HC Deb 01 December 1999 vol 340 cc305-13 3.31 pm
The Secretary of State for Culture, Media and Sport (Mr. Chris Smith)

With permission, Madam Speaker, I should like to make a statement about the future of Wembley stadium.

Wembley stadium is synonymous with the best of British sport, and has been the stage for some of this country's greatest sporting achievements. Our aims for the new national stadium that we all want to see at Wembley are to ensure that we have a world-class sporting venue that is ready to seize the opportunities of the new century, and to provide a fitting centrepiece to England's hosting of the FIFA world cup in 2006.

It has hitherto been the desire of this Administration—and, indeed, of the previous Government—that England should have a stadium able to stage a wide range of the world's major sporting events. As the House knows from previous debates and questions, the consistent aim has been to design a new national stadium that can stage the premier events of football, rugby and athletics. Sport England has provided £120 million of national lottery funds to secure that aim.

The design proposals for the new stadium were launched by Wembley National Stadium Ltd. on 29 July this year. The design was for the construction of a stadium laid out for football and rugby, which was, we were assured, capable of conversion into athletics mode for staging both the world athletics championships and a future Olympic games. The designers had come up with a novel solution for meeting the conflicting demands of athletics on the one hand, and football and rugby on the other, by proposing the construction of a concrete deck on which the athletics track could be laid for the holding of an athletics event.

I have to tell the House that, at the time, I was concerned about the viability of the proposed solution, not least because of the length of time—six months or more—that would be involved in the construction and subsequent removal of the deck on any occasion on which it was required. Following the 29 July launch, I therefore asked Wembley National Stadium Ltd. to work up its proposals in more detail and to present them to the British Olympic Association for comment. Following that presentation, which took place on 6 October, the BOA voiced a number of continuing concerns.

As a result of that, my hon. Friend the Minister for Sport called a meeting of all interested parties on 19 October to discuss the project. Those discussions did not satisfactorily resolve the outstanding issues, so my hon. Friend asked UK Sport to commission an independent report on the technical merits of the Wembley National Stadium Ltd. proposals. That report has been prepared by sports architecture expert consultants DLA Ellerbe Becket, and we received it on Monday of this week. I am placing a copy in the Library of the House this afternoon.

I have to tell the House that the report raises serious doubts about the viability of the stadium design for international athletics events. In any likely configuration, the sightlines for large numbers of spectators would be poor, and in some cases could fail Olympic requirements; the seating space for individual spectators would be far from ideal; the roof would cover some lanes of the track and not others; there would be no portal for people and equipment to gain access to the deck; the east-west alignment of the track would be detrimental to athletes; and, for any Olympic games, the deck would have to be constructed and in place for at least a year in advance, which could render the stadium unusable for international standard football for more than two years.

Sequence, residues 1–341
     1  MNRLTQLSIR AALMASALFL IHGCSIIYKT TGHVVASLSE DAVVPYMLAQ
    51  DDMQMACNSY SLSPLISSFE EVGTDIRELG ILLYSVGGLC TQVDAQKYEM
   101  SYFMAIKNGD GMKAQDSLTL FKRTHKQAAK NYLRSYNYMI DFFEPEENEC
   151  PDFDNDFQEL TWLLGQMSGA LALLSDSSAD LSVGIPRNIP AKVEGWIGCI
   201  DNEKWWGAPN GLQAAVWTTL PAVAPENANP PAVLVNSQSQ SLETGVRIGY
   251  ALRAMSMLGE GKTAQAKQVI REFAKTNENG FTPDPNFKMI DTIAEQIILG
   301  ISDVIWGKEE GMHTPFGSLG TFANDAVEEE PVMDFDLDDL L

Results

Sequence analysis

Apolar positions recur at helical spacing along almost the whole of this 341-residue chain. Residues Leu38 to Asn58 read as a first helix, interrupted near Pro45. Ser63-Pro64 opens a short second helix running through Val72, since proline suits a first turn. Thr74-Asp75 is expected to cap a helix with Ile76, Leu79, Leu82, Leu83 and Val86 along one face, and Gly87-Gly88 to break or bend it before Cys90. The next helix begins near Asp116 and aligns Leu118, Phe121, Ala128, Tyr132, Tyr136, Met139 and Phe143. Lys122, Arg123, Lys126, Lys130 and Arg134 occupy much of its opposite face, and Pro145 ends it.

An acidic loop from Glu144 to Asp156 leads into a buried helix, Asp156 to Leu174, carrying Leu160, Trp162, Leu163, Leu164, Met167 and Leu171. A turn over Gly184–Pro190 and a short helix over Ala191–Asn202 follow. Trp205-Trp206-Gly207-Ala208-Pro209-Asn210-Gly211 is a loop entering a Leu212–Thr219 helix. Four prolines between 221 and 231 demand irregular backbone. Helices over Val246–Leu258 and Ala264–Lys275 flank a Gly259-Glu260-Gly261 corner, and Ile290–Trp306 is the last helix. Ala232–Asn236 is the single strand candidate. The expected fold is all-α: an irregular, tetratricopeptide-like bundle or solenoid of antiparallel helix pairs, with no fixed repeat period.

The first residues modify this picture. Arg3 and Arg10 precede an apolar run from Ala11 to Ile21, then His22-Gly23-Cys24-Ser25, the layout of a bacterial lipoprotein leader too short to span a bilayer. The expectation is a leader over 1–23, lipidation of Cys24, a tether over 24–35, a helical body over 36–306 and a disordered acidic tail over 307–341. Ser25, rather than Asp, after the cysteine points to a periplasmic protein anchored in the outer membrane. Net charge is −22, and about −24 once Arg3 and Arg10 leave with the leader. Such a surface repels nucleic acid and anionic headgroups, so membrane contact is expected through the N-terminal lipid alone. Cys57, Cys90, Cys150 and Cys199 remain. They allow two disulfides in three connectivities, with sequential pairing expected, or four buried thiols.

My reluctant conclusion from the Ellerbe Becket report is that the stadium as designed—or in any similar configuration—cannot readily provide the central venue for an Olympic games bid for London. Furthermore, it seems unlikely that it could provide an appropriate venue for the world athletics championships, for which we hope to bid in 2005. It will, however, be able to provide the best venue in the world for the 2006 football world cup.

I am, of course, anxious to give Wembley National Stadium Ltd. and Sport England the opportunity to address the concerns raised by Ellerbe Becket. We should bear in mind that it was a policy requirement of the lottery grant from Sport England that the national stadium should be capable of hosting—or of being adapted to host—both the world athletics championships and the Olympic games, as well as football and rugby league events. Therefore, I have asked both Wembley National Stadium Ltd. and Sport England to report to me by 15 December with any solutions they are able to propose in response to the report. I have also, separately, asked my officials to undertake a thorough analysis of the process of decision making by all parties up to this point.

I am keen not to lose valuable time. Therefore, my hon Friend the Minister and I will begin immediately to discuss with Sport England, UK Sport, UK Athletics and the BOA, other non-Wembley alternatives for staging international athletics events. It may well be that such a cost-effective solution can be found. My officials will also take forward parallel discussions with Sport England, Wembley National Stadium Ltd. and the Football Association on whether and how the current lottery funding agreement might need to be modified if the new Wembley stadium concentrates simply on its primary role as a venue for football and rugby.